Not too long ago, we provided interpretation services for a major event that took place at several venues across Boston and required interpretation in more than one language. While this kind of event is a common occurrence for Red & Blue, we recognize that many event planners have never used interpreters at their events. Research shows that international participation at conferences is growing, making it more likely that you will need interpreters in order to provide a superior experience for your attendees. Here are four tips that will make your event go more smoothly.
1. Contact a localization agency early in the process. Depending on the subject matter of your conference you may need to book your interpreters far ahead of your conference. For example, if you need an interpreter who is familiar with medical device terminology, biotech jargon, or anthropological terms for the Mayan civilization, your localization agency will need some time to find the perfect people. Give your agency as much heads up as possible so that they can find native speakers with a background in your field.
2. Provide speech materials whenever possible. Often, conference organizers request that speakers provide their PowerPoint decks ahead of time so that they can be loaded into the system. Be sure to provide copies of the decks to your interpreters and, if at all possible, any other background information or speaker notes that you can get your hands on. The more preparation your interpreters can do prior to the event, the greater the accuracy of the interpretation, especially if you are using simultaneous interpretation.
3. Overestimate. Sometimes clients minimize their interpretation needs in order to save costs. However, what we often find is that at the last minute the number of attendees that need wireless headsets increases as participants realize that the option is available to them. Also, event planners often forget or underestimate the need for interpreters at break-out sessions. Adding interpreters and equipment at the last minute can increase costs and will very likely increase stress. We advise you to think carefully in advance about all the sessions where you may need interpreters either for speakers, or to enable the full participation of attendees. It's a lot easier to scale back than to add in, although high-quality providers should be able to rise to the occasion.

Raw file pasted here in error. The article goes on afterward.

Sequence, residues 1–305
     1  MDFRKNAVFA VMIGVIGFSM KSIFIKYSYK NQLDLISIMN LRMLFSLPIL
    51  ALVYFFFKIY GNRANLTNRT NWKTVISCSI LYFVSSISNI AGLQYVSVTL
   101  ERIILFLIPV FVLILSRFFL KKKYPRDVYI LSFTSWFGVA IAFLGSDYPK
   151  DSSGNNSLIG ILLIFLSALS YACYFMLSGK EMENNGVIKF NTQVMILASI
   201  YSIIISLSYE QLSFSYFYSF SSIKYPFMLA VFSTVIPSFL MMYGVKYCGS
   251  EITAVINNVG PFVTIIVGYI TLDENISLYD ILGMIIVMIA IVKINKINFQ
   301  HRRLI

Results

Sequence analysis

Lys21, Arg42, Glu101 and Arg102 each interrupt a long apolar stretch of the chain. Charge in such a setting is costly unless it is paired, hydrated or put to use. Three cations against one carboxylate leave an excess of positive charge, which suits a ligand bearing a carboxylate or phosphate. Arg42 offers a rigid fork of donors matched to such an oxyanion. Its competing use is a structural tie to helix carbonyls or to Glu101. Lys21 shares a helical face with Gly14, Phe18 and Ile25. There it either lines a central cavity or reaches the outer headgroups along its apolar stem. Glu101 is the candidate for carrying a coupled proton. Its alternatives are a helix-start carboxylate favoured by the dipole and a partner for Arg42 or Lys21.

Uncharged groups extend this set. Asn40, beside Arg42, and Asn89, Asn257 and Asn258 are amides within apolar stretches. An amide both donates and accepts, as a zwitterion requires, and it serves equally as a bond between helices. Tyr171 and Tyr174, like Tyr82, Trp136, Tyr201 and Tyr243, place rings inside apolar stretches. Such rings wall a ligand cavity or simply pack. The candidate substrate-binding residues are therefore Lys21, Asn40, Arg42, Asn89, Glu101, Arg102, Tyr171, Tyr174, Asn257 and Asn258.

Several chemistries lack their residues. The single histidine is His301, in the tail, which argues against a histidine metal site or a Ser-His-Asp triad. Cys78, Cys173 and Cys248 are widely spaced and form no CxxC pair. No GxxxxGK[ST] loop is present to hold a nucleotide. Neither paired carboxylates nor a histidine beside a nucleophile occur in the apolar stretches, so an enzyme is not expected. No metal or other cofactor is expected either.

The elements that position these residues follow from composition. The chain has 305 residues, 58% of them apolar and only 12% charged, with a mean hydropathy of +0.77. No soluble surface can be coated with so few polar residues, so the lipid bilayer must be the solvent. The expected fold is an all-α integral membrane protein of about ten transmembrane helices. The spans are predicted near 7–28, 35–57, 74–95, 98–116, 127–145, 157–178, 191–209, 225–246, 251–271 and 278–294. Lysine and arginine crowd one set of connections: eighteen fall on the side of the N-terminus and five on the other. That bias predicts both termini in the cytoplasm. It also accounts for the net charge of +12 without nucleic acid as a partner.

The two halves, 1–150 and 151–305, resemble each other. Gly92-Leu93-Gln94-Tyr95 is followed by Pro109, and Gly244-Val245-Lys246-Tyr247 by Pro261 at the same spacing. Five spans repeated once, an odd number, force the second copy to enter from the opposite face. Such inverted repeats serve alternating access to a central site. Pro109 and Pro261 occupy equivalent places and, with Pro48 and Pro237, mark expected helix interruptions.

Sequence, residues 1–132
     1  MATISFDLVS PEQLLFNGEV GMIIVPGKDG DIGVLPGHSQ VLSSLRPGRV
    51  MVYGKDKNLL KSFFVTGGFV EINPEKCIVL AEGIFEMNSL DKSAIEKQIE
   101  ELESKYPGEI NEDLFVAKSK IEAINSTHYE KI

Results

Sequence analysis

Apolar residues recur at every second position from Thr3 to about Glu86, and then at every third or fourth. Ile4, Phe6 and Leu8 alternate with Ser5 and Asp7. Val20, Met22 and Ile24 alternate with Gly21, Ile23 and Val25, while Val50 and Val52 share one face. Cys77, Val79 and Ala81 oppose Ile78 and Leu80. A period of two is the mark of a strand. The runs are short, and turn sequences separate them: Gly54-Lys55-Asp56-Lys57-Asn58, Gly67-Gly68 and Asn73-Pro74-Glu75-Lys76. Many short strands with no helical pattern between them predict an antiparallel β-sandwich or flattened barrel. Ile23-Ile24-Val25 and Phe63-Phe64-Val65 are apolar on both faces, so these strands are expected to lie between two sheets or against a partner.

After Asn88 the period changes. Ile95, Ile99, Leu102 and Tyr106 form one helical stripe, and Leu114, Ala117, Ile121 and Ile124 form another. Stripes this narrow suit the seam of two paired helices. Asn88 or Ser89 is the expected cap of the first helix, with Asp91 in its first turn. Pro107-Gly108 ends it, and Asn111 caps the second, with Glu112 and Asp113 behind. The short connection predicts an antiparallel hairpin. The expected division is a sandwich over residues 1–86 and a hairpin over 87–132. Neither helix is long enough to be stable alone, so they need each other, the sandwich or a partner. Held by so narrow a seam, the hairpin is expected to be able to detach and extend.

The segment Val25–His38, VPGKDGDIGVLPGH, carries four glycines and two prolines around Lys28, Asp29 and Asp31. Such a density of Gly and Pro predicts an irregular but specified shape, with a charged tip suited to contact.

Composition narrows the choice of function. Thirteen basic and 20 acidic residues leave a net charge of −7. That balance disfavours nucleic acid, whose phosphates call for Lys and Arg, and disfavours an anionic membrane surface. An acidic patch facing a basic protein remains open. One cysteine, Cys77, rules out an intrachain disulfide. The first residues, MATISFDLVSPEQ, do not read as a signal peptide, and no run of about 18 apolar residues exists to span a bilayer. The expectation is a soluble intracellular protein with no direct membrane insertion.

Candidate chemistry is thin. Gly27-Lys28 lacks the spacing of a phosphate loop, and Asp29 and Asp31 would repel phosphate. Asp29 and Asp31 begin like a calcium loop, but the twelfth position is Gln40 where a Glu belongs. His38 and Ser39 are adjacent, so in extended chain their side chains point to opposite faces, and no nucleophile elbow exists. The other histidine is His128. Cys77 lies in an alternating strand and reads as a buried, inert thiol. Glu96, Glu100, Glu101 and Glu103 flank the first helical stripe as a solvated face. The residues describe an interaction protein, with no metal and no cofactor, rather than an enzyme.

4. Double check the languages. This may seem like a no brainer, but it is critical that you check with your attendees to ensure you're providing interpreters in the right languages. Just this week the Swedish government landed in the papers because they provided Romany language interpreters to Romanian immigrants. Romany is a completely different language than Romanian, and none of the immigrants could understand it. The last thing you want to do is promise a high level of service and then fail on something easily avoidable.
With the right level of planning, you can make your event stand out as a must-go for international participants. Expand your audience and your revenue by providing excellent service for your attendees. Build in comprehensive interpretation services from your earliest planning stages, provide your interpreters with as much background information as possible, and plan carefully for when and where you will need interpreter services. Your reward will be great customer feedback and the opportunity for more international growth.